Dry Eye Syndrome

Dry Eye Syndrome, as its name suggests is a condition where not enough tears are produced. It is a painful condition that can lead to partial or total blindness. Also known as Keratoconjunctivitis Sicca or KCS, this condition is quite common in dogs and, although sometimes it can be a temporary reaction to some form of medical treatment or drug, most often it is actually a permanent condition which will require life long treatment.

The main known causes:

  • Bacterial Infections
  • Reaction to certain drug treatments
  • Removal of the lacrimal (tear secreting) gland of the third eyelid to treat “Cherry Eye”
    Note: This operation is not often performed anymore thanks to the development of better drug treatments in the form of eyedrops, but also because of the risk of the dog developing dry eye
  • Congenital disorders
    Note: certain breeds of dog have a predisposition to dry eye:
    Cocker Spaniels, Bulldogs, White Westies (West Highland Terriers), Lhasa Apsos, and Shih-Tzus
  • Diabetes
  • Hypothyroidism (underactive thyroid gland)

Symptoms:

  • Sticky mucus build up in and around the eye
  • Cloudy Eyes
  • Redness of the eye
  • Ulcers on the Cornea (the transparent, dome-shaped layer that covers the Iris and the Pupil)
  • After a while, the surface of the eye will develop a brown pigmentation which gradually spreads over the eye. This will impair the dog’s vision and can eventually lead to blindness.

Diagnosis:

The Schirmer Tear Test can be used to measure the amount of tears your dog’s eye is producing. This involves putting a special strip of litmus paper, which is marked with a measuring scale, under the bottom eyelid and leaving it there for 60 seconds. The tears are absorbed by the paper and the line the tears reach on the measuring scale indicates whether or not your dog is producing enough tears. A normal reading would be at least 15mm in one minute.

Treatment:

Treatment of Dry Eye depends on whether the tear gland is still functioning at all. In cases where the gland is still functioning, drugs that stimulate the production of tears can be used. If the gland is non-functional then management of the condition is all that can be achieved.In either case, treatment is usually in the form of eyedrops or ointment applied directly to the eye.
Note: Before applying the treatment, the eye must be gently, but thoroughly cleaned, removing any fresh or crusty build up of discharge in and around the eye.

  1. Drug Treatment:
      • Treatment for dogs with still functional tear glands:
        There are a range of drugs available known as lacrostimulants (lacro meaning tears). These stimulate the production of tears and can, in some cases reverse the damage to the tear gland and restart production of tears. Cyclosporin is one of the most popular lacrostimulant drugs  and usually comes in the form of an ointment applied to the eye.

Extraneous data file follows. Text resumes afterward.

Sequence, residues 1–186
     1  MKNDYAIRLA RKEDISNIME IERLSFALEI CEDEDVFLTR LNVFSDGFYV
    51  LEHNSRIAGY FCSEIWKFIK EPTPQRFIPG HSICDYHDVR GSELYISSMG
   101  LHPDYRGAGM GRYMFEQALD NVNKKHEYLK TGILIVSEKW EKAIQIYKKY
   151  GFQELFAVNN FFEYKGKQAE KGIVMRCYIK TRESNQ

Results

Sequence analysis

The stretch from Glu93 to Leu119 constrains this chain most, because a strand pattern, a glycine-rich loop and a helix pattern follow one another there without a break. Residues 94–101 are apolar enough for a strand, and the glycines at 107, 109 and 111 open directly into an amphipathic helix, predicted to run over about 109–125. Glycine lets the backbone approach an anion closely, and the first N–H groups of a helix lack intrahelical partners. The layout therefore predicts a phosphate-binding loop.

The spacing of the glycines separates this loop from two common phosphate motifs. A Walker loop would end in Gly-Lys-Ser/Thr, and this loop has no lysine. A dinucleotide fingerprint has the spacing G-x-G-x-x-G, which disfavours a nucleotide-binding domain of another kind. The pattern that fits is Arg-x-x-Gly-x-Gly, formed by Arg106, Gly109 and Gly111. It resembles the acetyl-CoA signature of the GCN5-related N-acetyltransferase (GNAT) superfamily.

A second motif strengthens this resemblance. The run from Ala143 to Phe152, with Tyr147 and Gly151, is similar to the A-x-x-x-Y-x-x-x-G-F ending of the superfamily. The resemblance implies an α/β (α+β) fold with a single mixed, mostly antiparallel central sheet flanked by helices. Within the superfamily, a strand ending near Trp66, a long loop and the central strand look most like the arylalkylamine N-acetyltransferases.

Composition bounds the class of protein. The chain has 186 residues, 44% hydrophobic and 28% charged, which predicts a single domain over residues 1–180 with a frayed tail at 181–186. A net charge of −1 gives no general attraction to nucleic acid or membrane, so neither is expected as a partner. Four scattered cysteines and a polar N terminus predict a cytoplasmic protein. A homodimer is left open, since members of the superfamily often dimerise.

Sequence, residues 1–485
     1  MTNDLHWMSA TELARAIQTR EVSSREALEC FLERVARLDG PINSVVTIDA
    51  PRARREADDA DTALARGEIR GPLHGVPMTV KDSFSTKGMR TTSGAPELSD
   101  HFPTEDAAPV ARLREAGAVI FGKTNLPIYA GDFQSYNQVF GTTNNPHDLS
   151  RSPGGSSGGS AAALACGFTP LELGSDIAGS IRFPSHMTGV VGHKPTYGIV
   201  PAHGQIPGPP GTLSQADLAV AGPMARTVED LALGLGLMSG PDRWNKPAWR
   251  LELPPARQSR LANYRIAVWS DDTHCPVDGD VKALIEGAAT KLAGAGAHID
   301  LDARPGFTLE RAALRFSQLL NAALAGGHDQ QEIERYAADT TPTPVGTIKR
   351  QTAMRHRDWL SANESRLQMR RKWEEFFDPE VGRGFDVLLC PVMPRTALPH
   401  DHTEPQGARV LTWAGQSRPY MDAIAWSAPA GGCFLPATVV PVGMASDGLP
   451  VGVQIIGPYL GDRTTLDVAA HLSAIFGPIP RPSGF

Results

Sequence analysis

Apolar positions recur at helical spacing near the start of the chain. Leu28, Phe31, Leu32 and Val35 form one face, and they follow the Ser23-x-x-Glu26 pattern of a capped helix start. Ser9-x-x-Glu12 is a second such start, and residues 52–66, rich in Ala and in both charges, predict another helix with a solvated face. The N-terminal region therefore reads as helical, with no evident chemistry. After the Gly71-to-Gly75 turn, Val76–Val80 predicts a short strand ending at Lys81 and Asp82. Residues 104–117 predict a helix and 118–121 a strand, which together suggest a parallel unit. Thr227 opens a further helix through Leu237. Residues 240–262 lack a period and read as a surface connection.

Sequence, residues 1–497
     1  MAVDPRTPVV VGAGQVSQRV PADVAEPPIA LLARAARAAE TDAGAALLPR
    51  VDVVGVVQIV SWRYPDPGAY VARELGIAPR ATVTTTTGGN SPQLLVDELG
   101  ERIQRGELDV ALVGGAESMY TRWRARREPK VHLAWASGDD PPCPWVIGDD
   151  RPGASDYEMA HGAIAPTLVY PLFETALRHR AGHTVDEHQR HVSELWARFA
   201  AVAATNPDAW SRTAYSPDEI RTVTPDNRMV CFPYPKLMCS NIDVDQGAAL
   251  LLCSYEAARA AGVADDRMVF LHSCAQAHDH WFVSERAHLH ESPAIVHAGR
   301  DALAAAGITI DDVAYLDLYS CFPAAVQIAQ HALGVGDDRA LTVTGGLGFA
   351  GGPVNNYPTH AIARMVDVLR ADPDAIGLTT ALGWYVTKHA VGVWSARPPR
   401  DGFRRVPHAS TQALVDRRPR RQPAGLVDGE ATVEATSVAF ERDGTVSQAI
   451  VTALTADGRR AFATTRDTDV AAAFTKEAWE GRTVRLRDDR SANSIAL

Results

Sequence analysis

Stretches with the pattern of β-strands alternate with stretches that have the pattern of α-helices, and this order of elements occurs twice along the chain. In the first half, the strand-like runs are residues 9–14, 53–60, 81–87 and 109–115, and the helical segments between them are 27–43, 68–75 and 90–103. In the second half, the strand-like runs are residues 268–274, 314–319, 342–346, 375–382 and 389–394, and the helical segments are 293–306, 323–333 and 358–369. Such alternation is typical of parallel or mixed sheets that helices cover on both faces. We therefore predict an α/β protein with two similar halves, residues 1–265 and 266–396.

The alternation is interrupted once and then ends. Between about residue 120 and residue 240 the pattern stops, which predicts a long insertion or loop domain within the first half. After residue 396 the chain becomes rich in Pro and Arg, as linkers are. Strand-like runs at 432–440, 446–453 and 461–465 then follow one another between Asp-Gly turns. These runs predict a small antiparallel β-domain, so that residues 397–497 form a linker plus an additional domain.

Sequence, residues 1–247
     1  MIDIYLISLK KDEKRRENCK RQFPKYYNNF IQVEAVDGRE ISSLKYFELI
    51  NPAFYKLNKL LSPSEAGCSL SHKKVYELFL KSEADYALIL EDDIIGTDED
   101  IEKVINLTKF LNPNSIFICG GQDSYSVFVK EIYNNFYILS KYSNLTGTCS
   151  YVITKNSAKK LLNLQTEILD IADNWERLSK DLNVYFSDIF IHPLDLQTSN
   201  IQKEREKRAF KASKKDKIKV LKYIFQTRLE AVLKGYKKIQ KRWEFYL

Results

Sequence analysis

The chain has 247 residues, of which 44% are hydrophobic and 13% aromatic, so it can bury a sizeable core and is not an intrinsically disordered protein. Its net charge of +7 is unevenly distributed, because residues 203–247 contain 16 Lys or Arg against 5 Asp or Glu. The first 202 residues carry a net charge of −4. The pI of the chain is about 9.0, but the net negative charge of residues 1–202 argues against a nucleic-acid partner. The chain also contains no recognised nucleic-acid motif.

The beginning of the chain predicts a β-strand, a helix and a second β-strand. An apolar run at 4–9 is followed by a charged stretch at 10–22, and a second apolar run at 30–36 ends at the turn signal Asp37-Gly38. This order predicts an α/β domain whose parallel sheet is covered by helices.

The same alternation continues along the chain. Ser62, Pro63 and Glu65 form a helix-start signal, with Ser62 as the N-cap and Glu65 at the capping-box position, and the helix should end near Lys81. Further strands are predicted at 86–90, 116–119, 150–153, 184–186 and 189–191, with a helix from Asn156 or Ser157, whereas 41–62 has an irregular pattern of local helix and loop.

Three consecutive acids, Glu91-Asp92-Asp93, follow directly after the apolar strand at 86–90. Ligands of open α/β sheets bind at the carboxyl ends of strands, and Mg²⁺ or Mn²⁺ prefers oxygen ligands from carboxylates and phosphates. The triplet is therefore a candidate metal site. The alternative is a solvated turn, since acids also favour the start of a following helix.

Note: Lacrostimulant drugs can take a while to work and so the dry eye will need to be managed whilst waiting for the drug to take effect. This will involve application of artificial tears and, if necessary, antibiotic treatment to clear any infection that may be present.

     

    • Treatment for dogs with non-functional or irreversibly damaged tear glands:
      Natural tear production will not be able to be stimulated and therefore the condition will need to be managed for the rest of the dog’s life. This is achieved with the application of artificial tears in the form of drops or ointments several times a day to keep the eye moist and to reduce irritation.
  2. Surgical Treatment:

    Surgical treatment is usually only used as a last resort:

    • Permanent Partial Tarsorrhaphy:
      This involves sewing together parts of the upper and lower eyelid to reduce the size of the eye exposed to the environment and therefore conserving the tears that are being produced.

     

    • Parotid Duct Transposition:
      This is the re-routing of the saliva (parotid) duct into the dog’s eye, therefore allowing saliva to act as a substitute for tears. The difficulty with this procedure is that too much fluid can flood the eye and the dog’s normal draining system won’t be able to cope, thus leading to a watery eye. Also the chemicals in saliva can irritate the eye.

Prognosis (Long Term Outcome of Treatment):

In some cases dry eye can be cured, but in many cases it is a condition that will remain for the rest of the dog’s life and must be managed with eyedrops, ointment and good hygiene. If caught relatively quickly the damage to the dog’s eyesight may be avoided or certainly minimised, but this also depends on the owner maintaining the treatment regime over the rest of the dog’s life.

Note: If not properly controlled dry eye can lead to partial loss of vision or even blindness but it is not, in itself a life threatening condition.


Further information:

For more detailed information on this condition the following websites are well worth a visit:

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